Iraq’s Prime Minister Adel Abdul Mahdi has established a commission to investigate the deaths of more than 100 people in recent anti-government protests.
In a statement on Saturday, Abdul Mahdi said the inquiry panel will investigate and bring to justice soldiers who acted illegally and will include representatives from the armed forces, parliament, the human rights commission and the judiciary.
Iraq’s Human Rights Commission said at least 108 people were killed and more than 6,000 wounded from October 1 to 6, during nationwide protests against corruption, lack of jobs and poor public services.
The vast majority of the casualties were protesters who were shot by live rounds. Many were killed and wounded by shots to the head, neck and chest.
Authorities have blamed “unidentified snipers”. But human rights advocates hold security forces responsible for the bloodshed: Either by firing themselves or not protecting protesters from snipers who infiltrated the demonstrations.
So far, authorities have accepted responsibility for two incidents.
They have acknowledged that the military had used “excessive force” in the Shia bastion of Sadr City in Baghdad and argue that anti-riot police were responsible for the killing of a protester in Babylon, south of the capital.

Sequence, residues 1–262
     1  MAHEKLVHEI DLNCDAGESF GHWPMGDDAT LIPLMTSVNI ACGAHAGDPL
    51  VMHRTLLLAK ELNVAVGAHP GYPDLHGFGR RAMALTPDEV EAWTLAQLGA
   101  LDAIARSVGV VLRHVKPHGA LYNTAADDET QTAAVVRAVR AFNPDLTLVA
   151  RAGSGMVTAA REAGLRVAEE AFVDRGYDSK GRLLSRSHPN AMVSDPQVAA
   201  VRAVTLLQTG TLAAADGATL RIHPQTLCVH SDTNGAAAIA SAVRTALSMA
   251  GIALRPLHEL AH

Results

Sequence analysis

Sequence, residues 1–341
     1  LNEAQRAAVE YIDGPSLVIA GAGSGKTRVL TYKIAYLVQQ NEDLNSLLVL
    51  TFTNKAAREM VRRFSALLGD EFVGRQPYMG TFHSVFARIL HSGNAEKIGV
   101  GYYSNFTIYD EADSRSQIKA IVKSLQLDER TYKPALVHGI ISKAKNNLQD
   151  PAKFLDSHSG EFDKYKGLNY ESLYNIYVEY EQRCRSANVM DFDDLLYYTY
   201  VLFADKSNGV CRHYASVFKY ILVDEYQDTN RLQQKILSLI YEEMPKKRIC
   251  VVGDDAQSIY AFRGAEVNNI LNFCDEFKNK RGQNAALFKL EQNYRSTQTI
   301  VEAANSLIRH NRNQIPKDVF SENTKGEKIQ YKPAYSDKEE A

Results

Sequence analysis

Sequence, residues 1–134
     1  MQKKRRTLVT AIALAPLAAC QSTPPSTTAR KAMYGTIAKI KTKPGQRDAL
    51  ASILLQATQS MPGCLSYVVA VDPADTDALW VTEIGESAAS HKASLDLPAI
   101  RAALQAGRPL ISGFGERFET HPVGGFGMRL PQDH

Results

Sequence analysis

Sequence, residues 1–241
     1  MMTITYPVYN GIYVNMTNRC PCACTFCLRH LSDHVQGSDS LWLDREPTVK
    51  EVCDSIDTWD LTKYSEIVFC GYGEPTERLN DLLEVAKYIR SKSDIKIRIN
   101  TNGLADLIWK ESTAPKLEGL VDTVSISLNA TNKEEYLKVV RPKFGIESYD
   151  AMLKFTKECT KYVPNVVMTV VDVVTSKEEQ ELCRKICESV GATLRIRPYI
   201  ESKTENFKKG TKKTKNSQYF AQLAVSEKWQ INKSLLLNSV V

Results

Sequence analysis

Abdul Mahdi’s office said the creation of the inquiry commission was in response to a sermon on Friday by Grand Ayatollah Ali al-Sistani, the spiritual leader for Iraq’s Shia majority.
Al-Sistani, who rarely weighs in on politics except in times of crisis, upped the pressure on authorities saying the Iraqi government and security forces are “responsible for the bloodshed” during the recent protests.
“The government is responsible when, under the eye of law enforcement, protesters are fired on illegally and media are beaten or attacked to terrorise their employees,” he said.
Al-Sistani, who wields significant power to influence the government, gave authorities “two weeks” to find out who had given orders to shoot – whether they were state security personnel or “undisciplined elements” and to release the findings.
The leader also criticised attacks on journalists, after unidentified gunmen raided the offices of several TV stations and at least two other reporters were briefly held, also by unidentified security personnel.
Following al-Sistani’s speech, Abdul Mahdi’s office announced that nine senior officials were referred to the judiciary for a corruption investigation, including two former ministers, two deputy ministers and four former provincial governors.
Iraq‘s military command also said it was carrying out a separate inquiry into the protests and is expected to shed light on the deaths and those wounded as well as the attacks on public buildings and raids by unidentified gunmen on media.
The protests come one year after Abdul Mahdi took office in Iraq, which is still grappling with a lengthy US-backed military campaign against the Islamic State of Iraq and the Levant (ISIL or ISIS) group.
The violence, Iraq’s worst since the ISIL rebellion was put down in 2017, has been Abdul Mahdi’s biggest test.
The new inquiry commissions, however, are unlikely to quell public anger at a corrupt political class which Iraqis say has failed to improve their lives even in peacetime, two years after ISIL was declared defeated.